Michael Jordan has cemented himself as the greatest of all time. 6 championships, 6 Finals MVP’s, 5 League MVP’s. The man did it all and dominated the league in the process.
He won 6 NBA titles in 8 years. The only reason he didn’t win 8 titles in 8 years was because he took a break from basketball to see if he could dominate another sport.
This got us thinking. Michael Jordan wasn’t the only great basketball player in the 1990’s. He ruined the chance for many great players to win rings. So we put together a list of players who Jordan eliminated from the playoffs and didn’t allow to win an NBA title.
Some of these names are all-time greats and Hall of Famers. Some of these guys are players who were just good for their era. Either way, none of these men ever got to lift the Larry O’Brien trophy as champions because Michael Jordan and his Bulls were running the league.
Take a look and see what you think. For some fans out there you’ll be taken back to heartbreaking moments of “what if” and “what could have been” if not for the dominance of MJ.
Dan Majerle is a name you can’t pronounce unless you know your 90’s NBA history. Unfortunately, when if you google him to learn more about him, it doesn’t say NBA champion next to his name. Instead, it lets you know he was running mates with Charles Barkley the time the Suns lost to Jordan’s Bulls in the 1993 NBA Finals.
Majerle was a great shooter and a three-time All-Star with the Suns before moving to the Cavs and the Heat. It didn’t get easier in the Eastern Conference as Jordan knocked his Heat team out of the 1997 Playoffs in the Eastern Conference Finals.
Before Charles Oakley was facing off with Knicks owner James Dolan, he had some memorable battles with Jordan’s Chicago Bulls. What’s often overlooked though is that Oakley’s trophy case could look a lot different.
Oakley started his career with the Bulls and played 3 seasons in Chicago before being traded to the Knicks. Instead, Oakley and his Knicks were eliminated from the playoffs on multiple occasions by his former teammates.
Mark Jackson was knocked out of the playoffs by Jordan’s Bulls as a member of the Knicks and as a member of the Pacers. Try as he might, he couldn’t get his teams past Jordan.
For those only familiar with his work as a broadcaster, Mark Jackson was a solid NBA point guard. He was the 1988 Rookie of the Year and an All-Star in his second. Jackson played all over the league for 7 teams before retiring. He went on to coach the Golden State Warriors before they went on their championship run.
In his day no one stood above Manute Bol. Literally, because at 7’6” he was one of the tallest players in the history of the league. Bol had a reputation as one of the league’s best shot-blockers while he was in the league, something helped by his incredible size and wingspan.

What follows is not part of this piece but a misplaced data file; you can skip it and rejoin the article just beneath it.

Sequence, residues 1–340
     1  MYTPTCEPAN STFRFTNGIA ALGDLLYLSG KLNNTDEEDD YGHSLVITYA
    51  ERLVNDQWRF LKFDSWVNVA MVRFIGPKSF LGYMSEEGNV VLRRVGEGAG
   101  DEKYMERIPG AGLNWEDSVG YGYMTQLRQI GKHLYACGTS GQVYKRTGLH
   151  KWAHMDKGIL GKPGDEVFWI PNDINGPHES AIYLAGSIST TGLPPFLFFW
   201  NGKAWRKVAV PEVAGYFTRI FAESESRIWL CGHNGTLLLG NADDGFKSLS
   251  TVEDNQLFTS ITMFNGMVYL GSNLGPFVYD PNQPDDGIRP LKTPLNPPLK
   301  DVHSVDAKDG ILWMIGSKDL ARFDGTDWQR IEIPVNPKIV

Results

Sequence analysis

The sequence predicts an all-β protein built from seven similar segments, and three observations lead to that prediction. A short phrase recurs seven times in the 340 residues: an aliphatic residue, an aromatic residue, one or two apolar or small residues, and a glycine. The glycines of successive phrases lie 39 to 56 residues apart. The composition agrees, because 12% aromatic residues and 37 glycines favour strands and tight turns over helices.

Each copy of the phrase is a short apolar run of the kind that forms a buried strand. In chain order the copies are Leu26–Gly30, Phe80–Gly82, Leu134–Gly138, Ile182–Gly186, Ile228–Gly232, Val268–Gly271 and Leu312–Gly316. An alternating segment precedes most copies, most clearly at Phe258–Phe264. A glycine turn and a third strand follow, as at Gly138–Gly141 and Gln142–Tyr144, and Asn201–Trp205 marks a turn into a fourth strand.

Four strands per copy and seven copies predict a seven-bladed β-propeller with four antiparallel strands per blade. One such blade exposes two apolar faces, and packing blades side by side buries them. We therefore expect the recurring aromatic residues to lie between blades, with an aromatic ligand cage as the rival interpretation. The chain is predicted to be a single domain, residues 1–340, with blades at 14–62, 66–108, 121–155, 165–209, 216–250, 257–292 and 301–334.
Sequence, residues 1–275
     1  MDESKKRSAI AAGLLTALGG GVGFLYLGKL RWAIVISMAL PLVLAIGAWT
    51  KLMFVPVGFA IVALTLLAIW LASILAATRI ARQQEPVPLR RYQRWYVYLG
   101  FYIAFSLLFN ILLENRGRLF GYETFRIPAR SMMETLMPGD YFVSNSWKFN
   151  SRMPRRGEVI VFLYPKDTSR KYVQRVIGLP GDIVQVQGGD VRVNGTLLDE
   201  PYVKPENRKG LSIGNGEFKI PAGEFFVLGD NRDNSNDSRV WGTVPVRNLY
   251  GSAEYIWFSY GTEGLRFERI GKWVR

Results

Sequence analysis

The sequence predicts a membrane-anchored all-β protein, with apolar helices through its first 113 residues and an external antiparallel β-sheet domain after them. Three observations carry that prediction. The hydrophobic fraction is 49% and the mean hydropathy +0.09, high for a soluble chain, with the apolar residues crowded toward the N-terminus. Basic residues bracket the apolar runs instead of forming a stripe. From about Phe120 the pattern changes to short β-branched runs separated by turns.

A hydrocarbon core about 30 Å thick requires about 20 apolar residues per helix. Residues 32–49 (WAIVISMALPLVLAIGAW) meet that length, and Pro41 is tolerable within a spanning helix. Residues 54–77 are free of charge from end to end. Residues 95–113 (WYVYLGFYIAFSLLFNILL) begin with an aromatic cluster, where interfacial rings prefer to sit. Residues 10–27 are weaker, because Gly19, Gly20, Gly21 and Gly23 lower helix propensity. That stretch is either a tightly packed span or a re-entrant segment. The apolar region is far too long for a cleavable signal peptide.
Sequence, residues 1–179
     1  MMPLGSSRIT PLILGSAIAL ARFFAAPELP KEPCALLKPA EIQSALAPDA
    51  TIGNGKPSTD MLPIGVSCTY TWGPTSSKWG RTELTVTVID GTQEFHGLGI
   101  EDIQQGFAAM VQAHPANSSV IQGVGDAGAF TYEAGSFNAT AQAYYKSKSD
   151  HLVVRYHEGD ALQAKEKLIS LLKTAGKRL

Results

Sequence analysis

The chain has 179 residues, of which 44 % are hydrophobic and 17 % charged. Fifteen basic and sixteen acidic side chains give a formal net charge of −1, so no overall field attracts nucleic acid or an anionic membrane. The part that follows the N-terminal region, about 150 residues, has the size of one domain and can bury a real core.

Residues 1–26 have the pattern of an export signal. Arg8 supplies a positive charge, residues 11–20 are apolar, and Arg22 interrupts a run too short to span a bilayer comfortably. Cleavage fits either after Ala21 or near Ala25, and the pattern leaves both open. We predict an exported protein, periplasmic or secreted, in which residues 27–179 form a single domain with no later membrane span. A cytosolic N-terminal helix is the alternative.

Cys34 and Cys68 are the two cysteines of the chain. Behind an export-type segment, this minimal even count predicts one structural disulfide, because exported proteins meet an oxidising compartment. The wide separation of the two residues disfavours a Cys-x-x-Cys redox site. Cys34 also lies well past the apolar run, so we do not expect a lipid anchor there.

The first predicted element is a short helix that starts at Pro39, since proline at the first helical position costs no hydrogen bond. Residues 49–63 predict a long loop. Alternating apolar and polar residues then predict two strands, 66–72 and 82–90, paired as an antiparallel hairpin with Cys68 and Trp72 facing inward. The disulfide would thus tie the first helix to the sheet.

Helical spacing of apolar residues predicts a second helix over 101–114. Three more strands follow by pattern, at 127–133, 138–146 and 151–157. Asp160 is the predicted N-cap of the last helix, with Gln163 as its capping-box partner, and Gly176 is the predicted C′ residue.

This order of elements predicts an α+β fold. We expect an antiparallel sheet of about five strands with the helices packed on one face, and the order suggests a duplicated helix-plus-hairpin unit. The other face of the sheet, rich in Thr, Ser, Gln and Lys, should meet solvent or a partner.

Bol and his 76ers were poised to make a deep run in the ’91 NBA Playoffs. They had one of the league’s best players, in Charles Barkley, and had swept the Bucks in the first round. An Eastern Conference Semifinals match-up with the Bulls didn’t go as well. The Bulls won the series 4-1.
Before LeBron James came along and finally lifted a championship trophy for the city of Cleveland, Mark Price featured in the montage of great Cleveland playoff failures. Price is one of the greatest Cavaliers of all-time and was a great NBA player.
You’ve seen “The Shot”, the famous Jordan buzzer-beater over Craig Ehlo. Well, Price is in the background guarding someone else. Some Cavs fans still talk about whether Price would have been a better choice to defend Jordan on that play.
Most players go their entire careers without making it to an NBA Finals, let alone winning one. Divac was lucky, or so he thought. The Lakers big man made it to an NBA Finals in just his second season. Unfortunately for Divac, it was Jordan’s first NBA Finals too.
Jordan’s Bulls were like a buzz saw cutting through an aging Lakers team that included Magic Johnson and James Worthy in the last Finals of their careers. Unfortunately for them, this signaled the torch passing to a new era of dominance.
Allan Houston finally made it to the NBA Finals in 1999. Like the rest of the Eastern Conference, he was relieved that Jordan had retired so they could have a turn at the Finals. That trip didn’t turn out how he and the Knicks would have wanted it too, but they still managed to get there.
Houston had a good career in the NBA even without a ring. He was a two-time All-Star and won an Olympic gold medal. He is also remembered for his behemoth of a contract that became an anchor around the necks of the franchise.
Larry Johnson is another example of a man who just could not get away from the greatness of Michael Jordan. Johnson spent his entire career in the Eastern Conference, playing with the Hornets and then the Knicks. The former number 1 overall pick was eliminated multiple times with both teams by Jordan’s Bulls.
Johnson was the NBA’s Rookie of the Year in 1992 and was an All-Star selection twice. The former NCAA Champion at UNLV couldn’t get past Jordan and the Bulls to lift the Larry O’Brien Trophy.
Tim Hardaway was one of the best point guards of his generation. He was a prolific scorer and assister. He even had a patented “killer crossover” that claimed quite a few victims throughout the league.
Paired with Alonzo Mourning in the late 1990’s, the duo made the Miami Heat quite a formidable opponent. That is until they ran into the Bulls in back-to-back playoffs in 1996 and 1997. Hardaway was good, but Jordan was great.
Like his Pacers running mate, Reggie Miller, Rose wouldn’t make the NBA Finals until Jordan left the league. In his one shot at the Finals trophy, Rose averaged 25 points. He played well but Shaq and Kobe played better.